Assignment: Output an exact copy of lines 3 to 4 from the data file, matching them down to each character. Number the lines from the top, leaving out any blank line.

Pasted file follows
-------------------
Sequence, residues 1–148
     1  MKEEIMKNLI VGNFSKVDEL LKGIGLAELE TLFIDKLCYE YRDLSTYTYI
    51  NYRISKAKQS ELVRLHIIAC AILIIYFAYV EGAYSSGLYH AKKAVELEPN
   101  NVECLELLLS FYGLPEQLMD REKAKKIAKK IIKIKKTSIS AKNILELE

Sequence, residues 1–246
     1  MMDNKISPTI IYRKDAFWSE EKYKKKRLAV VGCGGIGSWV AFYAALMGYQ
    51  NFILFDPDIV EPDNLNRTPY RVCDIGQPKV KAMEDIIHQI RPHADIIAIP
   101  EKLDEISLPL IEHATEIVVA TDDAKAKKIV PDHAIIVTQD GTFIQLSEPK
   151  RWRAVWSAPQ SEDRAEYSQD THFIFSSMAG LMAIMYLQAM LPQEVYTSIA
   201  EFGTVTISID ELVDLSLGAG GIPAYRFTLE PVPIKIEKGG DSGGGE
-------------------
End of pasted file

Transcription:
    51  NYRISKAKQS ELVRLHIIAC AILIIYFAYV EGAYSSGLYH AKKAVELEPN
   101  NVECLELLLS FYGLPEQLMD REKAKKIAKK IIKIKKTSIS AKNILELE